Jack and the Beanstalks - Just Another Storybook!

Once upon a time there lived a young boy named Jack. He and his mother lived in the country and were very poor. One day Jack’s mother sent him into the nearby town with the last few pennies they had and instructed him to buy a loaf of bread from the baker so they might eat their very last meal. Along the way Jack met a well-dressed man with shiny buttons on his beautiful coat. Jack was so impressed with the shiny buttons that he began to talk with the man as they walked and inquired where the man had found such beautiful attire. Realizing that Jack was not the brightest boy in the world, the well-dressed traveler saw an opportunity to profit from this silly lad. He began to explain how he had discovered a pot of gold in the riverbank near where they walked. “Would you like to see it?” the man asked Jack. Thinking of how poor he and his mother were and how rich they might be if only he could find a pot of gold in the riverbank too, Jack was eager to see the spot and the pot of gold this lucky man had found. “Yes, oh yes I would” Jack hurriedly replied. “It will cost you something then if you want to see my pot of gold young man!” the robust trickster exclaimed. “What do you have that you can pay me with for the opportunity of a lifetime? Very few people ever get to see my pot of gold.” Hurriedly Jack removed the few pennies from his pocket and held them out for the rich man to examine. “Is this enough?” he quickly asked. “Oh my!” exclaimed the deceitful fellow, “Where did you get such a huge amount of money?” “My mother gave it to me to go into town and buy some bread so that we might eat one last meal” answered Jack with a sudden realization that seeing the pot of gold would not fill his empty stomach. “It is all that we have left to buy food with” he muttered as he closed his fist around the few coins in his palm. “I’d better not spend them to see your pot of gold sir!” Hurriedly the man grabbed for the coins in Jack’s hand and tripped over a root in the ground from the nearby tree as he began to chase the retreating boy. Hearing the noise of the heavy man’s fall behind him, Jack turned to find the man unconscious upon the ground and bleeding from a cut where he had banged his head on a rock. Quickly he rushed into town and proceeded to explain the situation to the local Sheriff as they hurried back to the spot where the man had fallen. “Well I’ll be!” exclaimed the Sheriff when they arrived to find the man sitting on the ground in a daze. “Young man, you’ve helped me capture the notorious criminal known as Sticky Fingered Pete! There is a huge reward due for the person who brings this man to justice, and I’m going to see to it that you get it! Follow me into town and help me lock this man into jail and we will go get your reward.” All of the townspeople cheered for Jack later that day, and Jack smiled broadly as he and his mother signed the title deed to a huge bean farm they were able to purchase on the edge of town. “Hooray for Jack who now owns the beanstalks!” they shouted as the Sheriff and Jack’s mother agreed to marry soon, and they all lived happily ever after.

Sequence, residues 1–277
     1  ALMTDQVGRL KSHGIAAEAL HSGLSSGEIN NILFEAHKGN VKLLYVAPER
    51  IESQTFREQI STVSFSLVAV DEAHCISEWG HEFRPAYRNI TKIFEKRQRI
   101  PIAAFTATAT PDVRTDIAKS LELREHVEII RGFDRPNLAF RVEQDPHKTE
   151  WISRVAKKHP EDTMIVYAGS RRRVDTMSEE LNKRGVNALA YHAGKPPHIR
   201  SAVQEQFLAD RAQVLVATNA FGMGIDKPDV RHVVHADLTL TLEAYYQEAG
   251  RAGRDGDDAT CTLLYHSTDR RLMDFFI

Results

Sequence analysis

The problem with fairy tales is that they can be written any way the author desires. One might slant the story so far from truth that the fairy tale is obvious to the reader, while another might direct the story so near the truth it could pass as actual historical events. The above fairy tale, altered by this author, illustrates the point perfectly. A simple person might actually believe the story of Jack and the Beanstalks as written here although it is no more truth than the story as originally told with the giant and the goose that laid the golden eggs. Either story is fiction regardless of how true sounding they may be. A fairy tale is merely a tale told that bears no truth.